Similarly, many believe that their organizations only use basic financial controls for making decisions, as only a few reports using advanced practices. The majority of CFOs agree that their businesses create capital-expenditure budgets by using comparable metrics at the project level while tracking the results of these projects. All of these practices further support the use of a robust capital allocation process. However, fewer CFOs report using tactics for developing innovation or learning. Only 30% of CFOs formally review past investments that happened three to five years ago, while 25% say they use new methods for finding funding opportunities.
Competing in the Acceleration Economy: Our Top Three Takeaways
- Develop Proactive and Strategic Leadership
The results of the survey show that CFOs often perceive their contributions differently compared to other C-suite executives. One main difference is the level of involvement of CFO’s in making strategic decisions. The survey shows that finance leaders may have more freedom in leveraging their influence and expertise. These finance leaders can begin to take a more prominent role in making decisions, which can improve the engagement of the entire executive team.
- Maintain an Investor’s Mindset
Many of the CFOs understand the interests of financial stakeholders, but less than half of these CFO’s feel that their organizations keep cash scarce, which is often a sign for investors that the company will remain disciplined in all of its investments. These findings show the importance of maintaining capital discipline by having a mindset of an investor in handling day-to-day management. This mindset can also mean implementing innovative processes for finance, such as moving away from an annual budget toward a more flexible budget for making quick decisions while also using a performance-management system. Keeping an investor mindset can help limit any misunderstandings that might draw the attention of any activist investors, as many CFOs believe that their organization isn’t well-prepared to handle these situations.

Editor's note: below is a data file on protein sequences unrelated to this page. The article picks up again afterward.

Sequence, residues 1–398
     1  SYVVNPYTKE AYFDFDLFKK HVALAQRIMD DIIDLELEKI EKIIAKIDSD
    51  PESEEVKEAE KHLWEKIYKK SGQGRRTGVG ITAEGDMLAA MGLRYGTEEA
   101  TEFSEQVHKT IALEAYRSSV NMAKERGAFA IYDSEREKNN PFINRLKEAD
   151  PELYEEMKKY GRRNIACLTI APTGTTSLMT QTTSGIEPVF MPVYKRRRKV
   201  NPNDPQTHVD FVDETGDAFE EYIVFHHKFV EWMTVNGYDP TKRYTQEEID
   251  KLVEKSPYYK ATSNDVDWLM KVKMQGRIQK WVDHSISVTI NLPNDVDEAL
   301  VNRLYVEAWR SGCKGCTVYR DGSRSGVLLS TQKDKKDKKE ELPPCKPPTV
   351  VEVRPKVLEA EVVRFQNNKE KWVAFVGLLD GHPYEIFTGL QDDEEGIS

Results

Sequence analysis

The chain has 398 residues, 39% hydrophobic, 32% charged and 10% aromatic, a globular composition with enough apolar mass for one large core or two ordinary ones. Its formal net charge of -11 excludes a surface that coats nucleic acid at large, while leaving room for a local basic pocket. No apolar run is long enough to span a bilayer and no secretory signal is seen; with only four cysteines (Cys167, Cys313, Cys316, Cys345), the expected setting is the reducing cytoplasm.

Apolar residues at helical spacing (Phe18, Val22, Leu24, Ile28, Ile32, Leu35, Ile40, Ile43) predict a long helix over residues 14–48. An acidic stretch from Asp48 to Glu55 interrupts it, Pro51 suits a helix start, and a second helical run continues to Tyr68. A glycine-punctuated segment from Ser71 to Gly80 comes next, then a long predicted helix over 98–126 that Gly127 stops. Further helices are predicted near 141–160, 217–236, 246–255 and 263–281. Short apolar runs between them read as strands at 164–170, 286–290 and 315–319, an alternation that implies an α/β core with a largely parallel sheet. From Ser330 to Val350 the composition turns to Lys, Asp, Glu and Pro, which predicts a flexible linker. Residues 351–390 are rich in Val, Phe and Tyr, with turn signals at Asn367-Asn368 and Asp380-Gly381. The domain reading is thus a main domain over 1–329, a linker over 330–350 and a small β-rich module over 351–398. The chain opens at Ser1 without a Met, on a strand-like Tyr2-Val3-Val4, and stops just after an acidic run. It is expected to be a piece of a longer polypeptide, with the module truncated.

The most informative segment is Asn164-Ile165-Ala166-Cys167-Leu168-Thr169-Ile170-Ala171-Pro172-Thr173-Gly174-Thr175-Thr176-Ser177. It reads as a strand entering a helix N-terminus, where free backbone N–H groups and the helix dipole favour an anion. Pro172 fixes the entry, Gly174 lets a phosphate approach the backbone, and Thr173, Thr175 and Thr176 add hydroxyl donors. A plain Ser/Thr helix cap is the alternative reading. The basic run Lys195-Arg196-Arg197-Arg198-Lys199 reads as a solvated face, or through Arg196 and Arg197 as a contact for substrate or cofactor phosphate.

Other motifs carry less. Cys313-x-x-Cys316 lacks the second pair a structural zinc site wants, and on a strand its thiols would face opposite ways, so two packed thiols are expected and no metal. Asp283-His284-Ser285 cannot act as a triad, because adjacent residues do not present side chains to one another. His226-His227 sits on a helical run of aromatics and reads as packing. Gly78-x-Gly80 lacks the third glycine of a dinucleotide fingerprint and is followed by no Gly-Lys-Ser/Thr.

- Embrace (Fall in love with) Advances in Technology
New trends in technology can significantly impact the role of a CFO by making it easier for finance leaders to understand complex business activities. CFOs can choose from various tools to help them use big data and transform finance processes through digitization. For example, software programs are now available for automatically managing repeatable and standard tasks, whether integrating data for additional business insights or processing transactions. CFOs can easily use these tools for handling complex planning efforts for enterprise resources or any other challenges.
The finance world is quickly evolving and this Future Office of the CFO emerges, it is incumbent upon the finance leader to keep pace with these changes; subscribe to our newsletter to ensure you don’t miss a beat! Subscribe Here!